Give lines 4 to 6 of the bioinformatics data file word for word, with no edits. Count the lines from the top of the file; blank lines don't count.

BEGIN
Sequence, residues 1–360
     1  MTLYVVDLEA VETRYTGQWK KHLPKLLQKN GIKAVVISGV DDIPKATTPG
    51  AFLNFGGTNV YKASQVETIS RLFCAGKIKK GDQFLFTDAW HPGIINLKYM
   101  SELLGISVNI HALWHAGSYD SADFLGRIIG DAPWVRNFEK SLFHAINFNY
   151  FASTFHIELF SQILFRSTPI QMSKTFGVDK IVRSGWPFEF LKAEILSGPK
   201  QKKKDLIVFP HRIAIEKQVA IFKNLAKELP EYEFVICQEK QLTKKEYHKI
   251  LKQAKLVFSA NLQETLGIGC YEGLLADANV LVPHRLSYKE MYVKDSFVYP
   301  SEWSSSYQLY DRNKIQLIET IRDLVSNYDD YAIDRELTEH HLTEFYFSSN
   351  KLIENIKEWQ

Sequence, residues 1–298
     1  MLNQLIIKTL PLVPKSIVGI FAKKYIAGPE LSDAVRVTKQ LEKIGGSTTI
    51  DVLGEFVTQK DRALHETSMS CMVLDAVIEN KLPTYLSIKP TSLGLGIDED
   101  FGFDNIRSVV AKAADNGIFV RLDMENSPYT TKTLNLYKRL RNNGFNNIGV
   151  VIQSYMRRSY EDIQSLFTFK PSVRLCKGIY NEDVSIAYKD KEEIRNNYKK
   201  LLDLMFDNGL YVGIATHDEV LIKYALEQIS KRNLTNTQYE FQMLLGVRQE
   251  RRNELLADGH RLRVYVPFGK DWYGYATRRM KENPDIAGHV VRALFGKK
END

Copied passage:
   101  SELLGISVNI HALWHAGSYD SADFLGRIIG DAPWVRNFEK SLFHAINFNY
   151  FASTFHIELF SQILFRSTPI QMSKTFGVDK IVRSGWPFEF LKAEILSGPK
   201  QKKKDLIVFP HRIAIEKQVA IFKNLAKELP EYEFVICQEK QLTKKEYHKI